Rachel Woodruff Promoted to Assistant Professor

Rachel WoodruffRachel Woodruff has been promoted to Assistant Professor of Biology. Rachel joined the Brandeis faculty almost three years ago as an Instructor in Biology. During this time, Rachel has taught several Biology courses for undergraduate and Master’s students and recently guided Biology students as an Undergraduate Advising Head.

James Morris, Associate Professor, recently detailed Rachel’s importance to the Brandeis community:

“Rachel teaches courses for biology majors and non-majors. She regularly teaches Biology 14a-Genetics and Genomics, which is part of the introductory biology sequence. This course is taken by many first and second-year students. In addition, she teaches upper-level courses focusing on DNA damage and repair, as well as cancer, drawing on her research experience on DNA damage in bacteria and yeast. These classes include Biology 150b DNA Research and Mechanisms and Biology 172b Growth Control and Cancer. These seminar-style classes include opportunities to read and interpret scientific papers. She also teaches Biology 101b Molecular Biotechnology for advanced undergraduate and Master’s students, introducing students to techniques in molecular biology and teaching students to write their own research proposals. Finally, she teaches BISC 9b Biology of Cancer for non-majors, introducing this important topic to students in an accessible and engaging way.”

 

Summer 2015: “Introduction to Microfluidics Technology”

Students are in the cleanroom during training.

Students in the clean room during training

The annual one-week course offered during the summer of 2015 is “Introduction to Microfluidics Technology” (June 22 – 26). It will be held at Brandeis University and sponsored by the National Science Foundation’s Bioinspired Soft Materials Research Science and Engineering Center (MRSEC) at Brandeis. It is intended for graduate students, post docs, faculty and industrial scientists and engineers interested in utilizing microfluidic technology in their work, in both physical sciences and life sciences, and does not assume any specific prerequisites.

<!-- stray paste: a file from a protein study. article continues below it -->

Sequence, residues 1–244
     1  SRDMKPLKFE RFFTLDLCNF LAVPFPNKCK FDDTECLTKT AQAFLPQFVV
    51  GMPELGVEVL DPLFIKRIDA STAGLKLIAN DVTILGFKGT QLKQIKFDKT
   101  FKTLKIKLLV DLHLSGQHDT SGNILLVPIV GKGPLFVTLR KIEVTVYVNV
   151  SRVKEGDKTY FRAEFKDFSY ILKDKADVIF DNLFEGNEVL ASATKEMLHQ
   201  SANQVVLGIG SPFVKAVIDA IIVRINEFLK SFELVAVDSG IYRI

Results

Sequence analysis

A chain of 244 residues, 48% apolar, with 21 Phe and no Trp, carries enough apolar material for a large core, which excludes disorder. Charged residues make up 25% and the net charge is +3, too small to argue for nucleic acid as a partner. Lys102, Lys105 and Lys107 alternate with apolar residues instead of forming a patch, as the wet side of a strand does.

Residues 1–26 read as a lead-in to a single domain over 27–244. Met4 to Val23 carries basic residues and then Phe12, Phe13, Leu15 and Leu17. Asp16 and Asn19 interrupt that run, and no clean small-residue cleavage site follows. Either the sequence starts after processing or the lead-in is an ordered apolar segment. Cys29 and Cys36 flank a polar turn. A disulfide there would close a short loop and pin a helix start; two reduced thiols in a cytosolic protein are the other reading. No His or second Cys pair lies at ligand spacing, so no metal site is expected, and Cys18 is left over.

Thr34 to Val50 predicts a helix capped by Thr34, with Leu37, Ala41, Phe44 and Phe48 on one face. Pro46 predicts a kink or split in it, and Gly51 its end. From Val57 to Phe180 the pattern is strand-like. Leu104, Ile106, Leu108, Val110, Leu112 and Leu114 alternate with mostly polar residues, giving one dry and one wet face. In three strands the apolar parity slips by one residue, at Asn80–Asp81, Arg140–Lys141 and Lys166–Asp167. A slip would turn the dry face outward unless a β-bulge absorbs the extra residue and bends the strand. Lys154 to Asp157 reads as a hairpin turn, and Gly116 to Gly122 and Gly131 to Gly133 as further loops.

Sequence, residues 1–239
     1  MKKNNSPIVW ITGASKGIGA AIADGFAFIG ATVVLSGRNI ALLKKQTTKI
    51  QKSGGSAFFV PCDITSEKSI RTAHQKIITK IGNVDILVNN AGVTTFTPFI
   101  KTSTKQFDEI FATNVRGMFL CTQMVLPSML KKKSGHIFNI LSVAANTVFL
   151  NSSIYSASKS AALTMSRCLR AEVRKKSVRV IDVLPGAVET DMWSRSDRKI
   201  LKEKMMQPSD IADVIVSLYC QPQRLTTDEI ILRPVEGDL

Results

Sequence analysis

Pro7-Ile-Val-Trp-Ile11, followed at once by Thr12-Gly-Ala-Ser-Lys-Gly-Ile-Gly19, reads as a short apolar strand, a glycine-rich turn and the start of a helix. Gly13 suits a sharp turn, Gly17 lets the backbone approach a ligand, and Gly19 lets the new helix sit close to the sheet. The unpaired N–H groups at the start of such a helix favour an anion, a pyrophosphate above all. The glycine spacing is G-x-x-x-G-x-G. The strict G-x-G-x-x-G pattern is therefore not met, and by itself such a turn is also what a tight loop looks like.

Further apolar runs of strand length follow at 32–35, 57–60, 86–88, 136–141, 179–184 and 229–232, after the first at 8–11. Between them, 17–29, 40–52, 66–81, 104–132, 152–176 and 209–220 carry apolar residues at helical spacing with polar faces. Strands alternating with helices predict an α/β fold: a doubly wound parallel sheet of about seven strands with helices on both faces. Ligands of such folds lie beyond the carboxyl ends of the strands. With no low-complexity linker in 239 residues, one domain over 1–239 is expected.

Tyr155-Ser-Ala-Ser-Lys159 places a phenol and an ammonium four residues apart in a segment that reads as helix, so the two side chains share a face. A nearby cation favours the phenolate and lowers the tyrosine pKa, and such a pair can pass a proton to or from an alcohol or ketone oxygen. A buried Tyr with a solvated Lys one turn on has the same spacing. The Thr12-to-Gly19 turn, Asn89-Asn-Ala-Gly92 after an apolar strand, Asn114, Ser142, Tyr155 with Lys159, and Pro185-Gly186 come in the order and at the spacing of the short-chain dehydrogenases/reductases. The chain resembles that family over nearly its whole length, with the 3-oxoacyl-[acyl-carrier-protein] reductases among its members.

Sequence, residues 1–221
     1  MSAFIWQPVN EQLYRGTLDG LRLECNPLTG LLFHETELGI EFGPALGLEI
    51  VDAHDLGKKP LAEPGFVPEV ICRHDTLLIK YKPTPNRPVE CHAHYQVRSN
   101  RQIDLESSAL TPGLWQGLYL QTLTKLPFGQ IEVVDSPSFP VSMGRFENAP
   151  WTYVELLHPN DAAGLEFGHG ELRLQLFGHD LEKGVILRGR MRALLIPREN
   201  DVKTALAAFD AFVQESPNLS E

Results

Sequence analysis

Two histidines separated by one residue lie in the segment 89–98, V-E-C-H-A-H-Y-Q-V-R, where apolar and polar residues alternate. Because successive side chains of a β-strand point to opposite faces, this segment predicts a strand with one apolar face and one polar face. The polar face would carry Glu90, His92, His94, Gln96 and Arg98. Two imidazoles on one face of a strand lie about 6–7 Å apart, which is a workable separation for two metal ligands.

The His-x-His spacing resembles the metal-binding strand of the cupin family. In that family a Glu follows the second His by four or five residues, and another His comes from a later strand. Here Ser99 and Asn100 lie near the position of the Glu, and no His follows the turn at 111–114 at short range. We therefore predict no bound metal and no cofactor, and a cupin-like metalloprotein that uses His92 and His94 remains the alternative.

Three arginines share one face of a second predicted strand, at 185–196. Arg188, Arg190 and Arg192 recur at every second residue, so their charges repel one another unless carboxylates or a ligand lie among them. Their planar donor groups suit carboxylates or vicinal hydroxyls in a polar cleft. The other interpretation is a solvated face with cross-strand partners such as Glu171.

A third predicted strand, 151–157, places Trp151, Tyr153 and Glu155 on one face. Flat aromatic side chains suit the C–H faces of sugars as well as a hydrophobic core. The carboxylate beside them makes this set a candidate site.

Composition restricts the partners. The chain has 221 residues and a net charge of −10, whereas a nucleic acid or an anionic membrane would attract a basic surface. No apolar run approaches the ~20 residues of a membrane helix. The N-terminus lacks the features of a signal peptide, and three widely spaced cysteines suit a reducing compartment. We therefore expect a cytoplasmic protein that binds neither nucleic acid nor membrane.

SUMMER COURSE ANNOUNCEMENT 2015

Microfluidic Xmas Tree

JBS Course Focuses on “Food, Lifestyle, and Health”

Elaine Lai, Senior Lecturer in Biology at Brandeis University, will be teaching a Justice Brandeis Semester (JBS) this summer titled Food, Lifestyle, and Health. The class runs from 6/1/2015 to 7/24/2015. The student receives 12 credits upon successful completion of the course. Food, Lifestyle, and Health will provide an immersive academic experience by combining academic training in the classroom with experiential learning in food labs.

The focus of this course will be to explore the link between food and health, specifically focusing on the factors that have lead to our national diabetes epidemic. Some of the issues studied will be the link between poverty and diabetes and diabetes and other chronic health conditions.

Applications for the Justice Brandeis Semester open on February 13, 2015. The application deadline is March 16, 2015.

James Morris Contributes Article to Boston Globe Magazine

The January 4, 2015 edition of the Boston Globe Magazine included a contribution from James Morris, associate professor of biology at Brandeis. The article titled, Raising kids is like making candy. Magical transformations occur in both processes.

In the article, Jim drew comparisons between the chemical processes involved in making candy and the complex process of raising children. The article provides a fun, insightful view of both topics.

Eve Marder Receives SfN Award

marderEve Marder, PhD, from Brandeis University and Richard Olivo, PhD, from Smith College will receive the Award for Education in Neuroscience from the Society for Neuroscience (SfN). The award will be presented at Neuroscience 2014, SfN’s annual meeting to be held on November 15-19 in Washington, DC.

The $5,000 prize will be split between Drs. Marder and Olivo. It recognizes people who have made outstanding contributions to neuroscience education and training. Dr. Marder played a critical role in the establishment of one of the first undergraduate neuroscience training programs at Brandeis almost 25 years ago. Since then, she has continued to provide advice and support at all academic levels.

Read the SfN press release to learn more about this prestigious award.

 

How Life Works

how life worksAssociate Professor of Biology James Morris, together with several faculty members from Harvard, has recently written a new textbook, titled Biology: How Life Works, a book that seems likely to become a standard for teaching introductory biology to college students.

According to Morris,

“The last 20 years or so have seen remarkable and exciting changes in biology, education, and technology.  With these in mind, we re-thought what an introductory biology textbook could be.  Introductory biology is a student’s first exposure to college-level biology.  We wrote a book that provides a solid base on which to build and treats biology not as a list of terms and facts to be memorized, but instead as a 21st century science that is compelling and relevant to students’ lives..”

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